The scalpel is set aside and Zachery switches to a pair of long clamps. They’re extended down inside the opening in Isaac’s brain, grip around something, and like pulling an apple from a tree Zachery twists with his wrist causing a popping and tearing sound. A flood of clear fluid pulses up through the opening, mixed with swirls of pinkish blood. From within Isaac’s brain, Zachery produces some sort of golf-ball-sized device made from plastics and metal. It’s a dodecahedron with nodules on each of its twelve faces with shredded nerve endings dangling from it.

The piece of hardware is dropped with a thunk into the tray. It’s not an implant, it’s too big. It’s a replacement for the Thalamus. A part of the brain responsible for sensory input and motor control.

"Look at you." Though so much of this is unfamiliar, something washes over Zachery with this first prize having been severed from its still warm host. "The little router that could. What sort of… blood-harvesting peer-to-peer—…"

He takes a moment, standing under the gentle buzz of the fluorescent light. To commit what he's seeing to memory, to wonder about the implications, and then to retain focus. The grin he cracks is not out of gladness - there's too much canine to it - but it lingers nonetheless.

It's not often he gets to be in his element anymore, but when he slides his attention back over to the exposed brain matter and widens his stance on a floor slick with fluid both familiar and not, it's with his head held high.

Determination helps guide his movements with more confidence and precision when he returns to his task. "And you thought you could keep me out."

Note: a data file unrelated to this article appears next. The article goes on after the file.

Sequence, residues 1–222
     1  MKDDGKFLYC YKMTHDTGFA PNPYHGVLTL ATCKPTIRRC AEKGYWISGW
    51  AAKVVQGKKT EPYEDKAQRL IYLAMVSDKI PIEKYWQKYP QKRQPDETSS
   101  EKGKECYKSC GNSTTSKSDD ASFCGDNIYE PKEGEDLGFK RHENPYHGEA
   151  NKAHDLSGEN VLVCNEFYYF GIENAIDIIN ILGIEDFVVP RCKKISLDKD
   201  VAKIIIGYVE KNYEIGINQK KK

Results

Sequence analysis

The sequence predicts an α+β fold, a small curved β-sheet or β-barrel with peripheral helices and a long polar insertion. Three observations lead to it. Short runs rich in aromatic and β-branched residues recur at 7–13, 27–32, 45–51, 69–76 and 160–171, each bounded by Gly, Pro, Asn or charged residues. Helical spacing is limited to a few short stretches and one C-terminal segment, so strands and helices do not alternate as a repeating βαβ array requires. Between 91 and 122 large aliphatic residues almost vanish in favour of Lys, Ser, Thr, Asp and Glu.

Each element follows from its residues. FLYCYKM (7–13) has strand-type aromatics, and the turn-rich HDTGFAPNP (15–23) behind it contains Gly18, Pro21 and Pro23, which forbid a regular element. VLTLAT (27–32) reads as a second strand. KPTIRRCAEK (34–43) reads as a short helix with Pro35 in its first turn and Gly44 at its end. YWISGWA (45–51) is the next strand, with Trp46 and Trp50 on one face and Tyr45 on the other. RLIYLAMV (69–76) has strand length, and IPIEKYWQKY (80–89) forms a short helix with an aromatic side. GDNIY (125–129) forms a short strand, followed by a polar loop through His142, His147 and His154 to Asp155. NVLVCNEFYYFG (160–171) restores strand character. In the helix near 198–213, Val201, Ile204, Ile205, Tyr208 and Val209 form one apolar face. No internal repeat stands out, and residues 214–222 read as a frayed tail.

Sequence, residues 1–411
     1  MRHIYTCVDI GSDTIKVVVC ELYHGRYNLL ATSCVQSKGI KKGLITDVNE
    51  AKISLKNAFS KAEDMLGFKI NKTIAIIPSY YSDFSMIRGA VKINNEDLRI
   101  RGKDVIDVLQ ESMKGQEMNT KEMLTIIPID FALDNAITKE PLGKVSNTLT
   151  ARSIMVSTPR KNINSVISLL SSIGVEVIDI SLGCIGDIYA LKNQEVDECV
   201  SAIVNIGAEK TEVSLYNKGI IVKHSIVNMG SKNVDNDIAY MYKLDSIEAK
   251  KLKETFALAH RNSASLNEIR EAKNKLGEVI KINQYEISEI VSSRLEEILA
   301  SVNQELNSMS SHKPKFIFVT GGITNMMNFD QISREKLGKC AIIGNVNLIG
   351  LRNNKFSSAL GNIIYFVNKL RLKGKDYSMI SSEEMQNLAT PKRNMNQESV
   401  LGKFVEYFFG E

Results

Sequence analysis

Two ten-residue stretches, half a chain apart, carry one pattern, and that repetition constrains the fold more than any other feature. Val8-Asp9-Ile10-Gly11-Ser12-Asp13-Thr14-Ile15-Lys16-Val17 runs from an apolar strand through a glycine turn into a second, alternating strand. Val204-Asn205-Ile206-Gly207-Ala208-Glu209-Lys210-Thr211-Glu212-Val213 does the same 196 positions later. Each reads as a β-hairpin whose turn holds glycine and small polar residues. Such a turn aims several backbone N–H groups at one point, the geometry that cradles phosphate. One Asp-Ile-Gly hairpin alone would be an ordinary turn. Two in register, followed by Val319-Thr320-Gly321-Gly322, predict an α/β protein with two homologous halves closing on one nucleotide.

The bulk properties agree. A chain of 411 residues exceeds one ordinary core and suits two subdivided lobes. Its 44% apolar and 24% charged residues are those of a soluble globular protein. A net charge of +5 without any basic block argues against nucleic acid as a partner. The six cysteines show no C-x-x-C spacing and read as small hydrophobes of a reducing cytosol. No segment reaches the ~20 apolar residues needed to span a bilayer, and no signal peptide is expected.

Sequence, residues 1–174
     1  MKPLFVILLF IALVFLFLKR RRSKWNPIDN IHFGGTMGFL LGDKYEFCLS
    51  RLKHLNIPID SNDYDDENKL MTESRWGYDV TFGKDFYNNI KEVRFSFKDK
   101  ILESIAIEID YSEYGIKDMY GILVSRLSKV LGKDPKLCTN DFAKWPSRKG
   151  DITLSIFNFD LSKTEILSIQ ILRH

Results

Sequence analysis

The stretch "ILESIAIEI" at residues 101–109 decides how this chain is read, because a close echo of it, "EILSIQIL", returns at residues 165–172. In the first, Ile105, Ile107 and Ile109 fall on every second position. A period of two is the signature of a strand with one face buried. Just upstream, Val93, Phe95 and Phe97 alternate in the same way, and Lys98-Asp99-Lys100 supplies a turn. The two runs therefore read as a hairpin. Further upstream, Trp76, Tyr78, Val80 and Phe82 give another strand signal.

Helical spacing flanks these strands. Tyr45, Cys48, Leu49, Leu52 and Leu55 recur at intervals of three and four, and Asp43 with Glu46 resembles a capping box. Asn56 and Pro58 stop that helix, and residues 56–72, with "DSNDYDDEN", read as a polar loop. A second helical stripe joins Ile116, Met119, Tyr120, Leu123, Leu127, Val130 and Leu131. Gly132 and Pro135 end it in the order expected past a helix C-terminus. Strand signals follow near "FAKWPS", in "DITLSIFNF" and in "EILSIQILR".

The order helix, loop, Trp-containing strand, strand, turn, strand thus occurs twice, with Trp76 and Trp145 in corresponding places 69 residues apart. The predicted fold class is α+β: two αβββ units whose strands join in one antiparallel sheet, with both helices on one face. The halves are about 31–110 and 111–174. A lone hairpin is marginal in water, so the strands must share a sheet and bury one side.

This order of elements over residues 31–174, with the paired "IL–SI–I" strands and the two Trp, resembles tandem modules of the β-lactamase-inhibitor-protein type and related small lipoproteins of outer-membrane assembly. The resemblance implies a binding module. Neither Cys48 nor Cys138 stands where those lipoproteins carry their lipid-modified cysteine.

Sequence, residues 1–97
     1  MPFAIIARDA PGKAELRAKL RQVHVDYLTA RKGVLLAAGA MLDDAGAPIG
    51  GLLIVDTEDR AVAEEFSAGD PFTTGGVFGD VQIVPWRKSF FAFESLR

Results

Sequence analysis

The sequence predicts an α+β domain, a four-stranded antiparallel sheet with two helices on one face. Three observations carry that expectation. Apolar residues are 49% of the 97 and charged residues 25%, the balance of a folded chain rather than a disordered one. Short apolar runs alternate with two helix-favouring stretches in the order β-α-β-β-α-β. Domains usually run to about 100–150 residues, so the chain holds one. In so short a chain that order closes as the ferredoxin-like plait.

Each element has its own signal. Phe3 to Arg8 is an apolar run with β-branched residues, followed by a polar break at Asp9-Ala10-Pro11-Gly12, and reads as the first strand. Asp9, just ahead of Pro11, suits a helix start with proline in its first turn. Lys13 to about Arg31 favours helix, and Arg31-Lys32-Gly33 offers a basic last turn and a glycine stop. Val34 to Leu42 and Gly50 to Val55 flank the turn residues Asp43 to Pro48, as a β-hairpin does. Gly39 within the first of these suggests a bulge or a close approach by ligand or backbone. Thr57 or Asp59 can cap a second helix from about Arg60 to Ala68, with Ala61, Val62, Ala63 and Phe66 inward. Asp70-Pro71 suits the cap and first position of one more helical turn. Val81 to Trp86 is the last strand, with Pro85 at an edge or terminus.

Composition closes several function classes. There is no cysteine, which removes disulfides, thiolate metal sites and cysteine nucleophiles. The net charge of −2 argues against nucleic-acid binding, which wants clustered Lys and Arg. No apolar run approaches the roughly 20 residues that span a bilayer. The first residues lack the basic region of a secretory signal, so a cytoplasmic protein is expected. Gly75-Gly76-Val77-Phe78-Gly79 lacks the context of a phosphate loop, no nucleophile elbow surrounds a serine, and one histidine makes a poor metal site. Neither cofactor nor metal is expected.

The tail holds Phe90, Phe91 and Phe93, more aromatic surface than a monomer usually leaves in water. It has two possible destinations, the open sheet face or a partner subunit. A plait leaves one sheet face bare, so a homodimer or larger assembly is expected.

Surgery turns to reverie. The hum of fluorescent lights, the buzz of electric tools, the crack of a sternum, and the splitting of flesh all become an aberrant symphony composed by not a physician, but a mortician. Isaac Faulkner’s body is opened, explored, harvested, and dismembered with the expert precision only someone like Zachery Miller could muster.

Forty-eight minutes later, there are four trays filled with organs that only superficially look like they belong in a human body. Their silhouette is correct but their texture is wrong, the fine latticework of veins and nerves across them is alien looking. Many of the organs have odd anomalies, nodules of cartilaginous flesh littered with nerve clusters. Isaac’s extracted brain lays beside a ruptured sac that had contained the dodecahedron at its center.

There’s exposed muscle, blood, gore. But there is also fibrous cabling that runs parallel to the digestive system, easily missable as a shadow on an X-Ray, but seems to connect the nervous system and the spine to the other organs through what can only be compared to organic cable management.

Everything is wrong. There is not a single organ in Isaac’s body that is not in some way changed. But it isn’t transmutation, this isn’t some mutation or metamorphosis that Zachery is seeing. Only with it all laid out in front of him like some kind of 5200 piece jigsaw puzzle can Zachery truly see the picture for what it is. This isn’t transformation, this was fabrication.

The body in front of him was assembled, piece by piece, woven like some sort of handspun fabric. Given life like Pygmalion to the statue Galatea. Zachery’s hands tremble at the revelation. At the horrible truth laid out before him.

This isn’t Isaac Faulkner…

…and he isn’t Zachery Miller.